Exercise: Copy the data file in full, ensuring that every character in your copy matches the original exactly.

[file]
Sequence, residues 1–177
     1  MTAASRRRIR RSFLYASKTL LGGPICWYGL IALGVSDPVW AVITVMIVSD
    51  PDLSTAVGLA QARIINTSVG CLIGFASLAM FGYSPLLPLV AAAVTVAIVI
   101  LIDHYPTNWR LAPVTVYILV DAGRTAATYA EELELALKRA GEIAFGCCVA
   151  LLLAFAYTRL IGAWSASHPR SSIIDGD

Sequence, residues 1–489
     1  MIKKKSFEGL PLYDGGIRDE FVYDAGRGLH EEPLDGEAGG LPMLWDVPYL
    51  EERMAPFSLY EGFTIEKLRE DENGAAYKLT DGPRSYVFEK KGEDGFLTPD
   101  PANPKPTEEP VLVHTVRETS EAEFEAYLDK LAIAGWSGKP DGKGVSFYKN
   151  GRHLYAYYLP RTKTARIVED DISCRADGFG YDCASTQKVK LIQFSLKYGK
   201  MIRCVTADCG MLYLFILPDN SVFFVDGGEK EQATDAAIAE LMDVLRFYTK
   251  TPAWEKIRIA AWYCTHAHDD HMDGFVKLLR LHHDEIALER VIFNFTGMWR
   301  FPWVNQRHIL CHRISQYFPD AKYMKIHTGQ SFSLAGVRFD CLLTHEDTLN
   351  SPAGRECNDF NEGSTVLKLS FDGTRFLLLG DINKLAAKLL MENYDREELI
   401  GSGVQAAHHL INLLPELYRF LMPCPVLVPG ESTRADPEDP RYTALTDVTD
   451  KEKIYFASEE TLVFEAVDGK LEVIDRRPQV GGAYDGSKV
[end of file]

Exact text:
Sequence, residues 1–177
     1  MTAASRRRIR RSFLYASKTL LGGPICWYGL IALGVSDPVW AVITVMIVSD
    51  PDLSTAVGLA QARIINTSVG CLIGFASLAM FGYSPLLPLV AAAVTVAIVI
   101  LIDHYPTNWR LAPVTVYILV DAGRTAATYA EELELALKRA GEIAFGCCVA
   151  LLLAFAYTRL IGAWSASHPR SSIIDGD

Sequence, residues 1–489
     1  MIKKKSFEGL PLYDGGIRDE FVYDAGRGLH EEPLDGEAGG LPMLWDVPYL
    51  EERMAPFSLY EGFTIEKLRE DENGAAYKLT DGPRSYVFEK KGEDGFLTPD
   101  PANPKPTEEP VLVHTVRETS EAEFEAYLDK LAIAGWSGKP DGKGVSFYKN
   151  GRHLYAYYLP RTKTARIVED DISCRADGFG YDCASTQKVK LIQFSLKYGK
   201  MIRCVTADCG MLYLFILPDN SVFFVDGGEK EQATDAAIAE LMDVLRFYTK
   251  TPAWEKIRIA AWYCTHAHDD HMDGFVKLLR LHHDEIALER VIFNFTGMWR
   301  FPWVNQRHIL CHRISQYFPD AKYMKIHTGQ SFSLAGVRFD CLLTHEDTLN
   351  SPAGRECNDF NEGSTVLKLS FDGTRFLLLG DINKLAAKLL MENYDREELI
   401  GSGVQAAHHL INLLPELYRF LMPCPVLVPG ESTRADPEDP RYTALTDVTD
   451  KEKIYFASEE TLVFEAVDGK LEVIDRRPQV GGAYDGSKV